Here I use fresh kidney bean but surely we can use canned or the dried one. Red kidney bean is highly nutritious but can also be dangerous. As I once read in a book, if I am not mistaken it is Food Combining book by Andang Gunawan, sprouted bean is poisonous. So we have to discard kidney bean that are already sprouted. We also have to soak the dried bean and discard the water then boil them in a new water until cooked through because partially cooked or under-cooked kidney bean will increase the toxic effect. They can cause nausea, vomiting and diarrhea. But don't be too worry about that, I already eat red kidney bean regularly for years and feel really good so far... 

Saturday 15 June 2013

Roti Singkong (Cassava Bread)

This was my second roti singkong. The first one was about a month ago. I used roti kentang recipe at that time but substitute the potato with cassava. It turned out not bad actually, rose well and soft, but it was a bit chewy and very satisfying. We could only eat one, no more... I thought that maybe it was because the cassava and potato have different texture. Maybe, in bread making especially, cassava and potato were not an equal substitution.  

So, this time I reduced the amount of cassava. I also added water while mashing the cassava until it was smooth like a paste. And it worked. This cassava bread was so so much better than before. It rose higher, softer and not chewy anymore. I added cocoa powder to some part of the dough and formed it into flower and pull-apart shape. I got the idea of the flower from mba Hesti's blog but mine was turned out not as pretty as hers. The dough was sticky make it a bit hard to be handled.

I made this bread as the snack for my children when they did the rehearsal for the akhirussanah (graduation ceremony) at their school yesterday. Iban, my son, finished his TK (kindergarten) this year and will go to SD (elementary school) next July. Congratulation Iban. We are so proud of you. 

Sunday 2 June 2013

Potato bread with beef floss and custard-cheese

I like to dissolve instant yeast in some lukewarm water before I start making bread. With this way, I will know whether my yeast is still fresh or not. In about 10 - 15 minutes, the fresh yeast will frothy while the dead yeast will keep staying like it is, not changing at all. If I find my yeast frothy then it means good, I can continue making bread. If it is dead? throw it in the sink and start again with another yeast. Dead yeast doesn't work!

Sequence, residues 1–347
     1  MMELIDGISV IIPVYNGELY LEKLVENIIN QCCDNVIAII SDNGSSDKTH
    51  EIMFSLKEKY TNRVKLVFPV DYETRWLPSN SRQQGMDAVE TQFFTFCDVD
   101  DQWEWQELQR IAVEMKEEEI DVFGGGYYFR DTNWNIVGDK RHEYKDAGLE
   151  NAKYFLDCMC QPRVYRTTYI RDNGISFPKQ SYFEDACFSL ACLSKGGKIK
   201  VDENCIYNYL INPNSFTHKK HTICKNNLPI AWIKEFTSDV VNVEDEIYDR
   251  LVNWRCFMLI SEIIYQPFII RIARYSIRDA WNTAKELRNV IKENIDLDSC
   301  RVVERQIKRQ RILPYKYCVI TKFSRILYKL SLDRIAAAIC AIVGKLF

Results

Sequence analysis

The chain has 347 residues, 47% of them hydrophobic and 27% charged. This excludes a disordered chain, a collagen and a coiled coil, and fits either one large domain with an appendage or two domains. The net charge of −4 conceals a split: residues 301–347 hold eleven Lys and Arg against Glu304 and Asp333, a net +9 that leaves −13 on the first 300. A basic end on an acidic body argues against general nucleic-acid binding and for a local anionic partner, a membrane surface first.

So, when I see a recipe that need 100 ml cold water like this potato bread recipe I used here, I will divided it into 2: 30 - 50 ml warm water and 70 - 50 ml cold water. Why? Because yeast likes warm and comfortable environment to live. How warm? As warm as we feel comfort. So, usually I pour warm water into a cup and I dip my finger in it. If my finger can stay there comfortably, so can the yeast. 

Purple sweet potato pao

This was my first pao or bakpao in Indonesia. For so long I though that it was difficult to make a bakpao. At least it required special flour (pao or tang mien flour) and white butter (shortening) that are not easy to find around. Then I saw this pao in mba Hesti's blog. She just used all purpose flour and oil. I was so happy and decided to give it a go.

The ingredients and methods were similar to those at bread making, only that at the final step we steam the pao rather than bake it. I form some pao into buns  and some others into the rose like what was described in wendy inkk's blog. I fill the bun with chocolate rice and the rose with Indonesian style red kidney bean paste. Unlike other red bean paste, Indonesian style used red kidney bean not red bean and coconut milk.

I think my pao was a bit over - fermented. The roses bloomed sooo big ... ha ha... but they were so soft. I packed some of them in Rachel's snack box and she shared them with her friends. All of them said this pao was so00 good. I felt like making pao again soon :)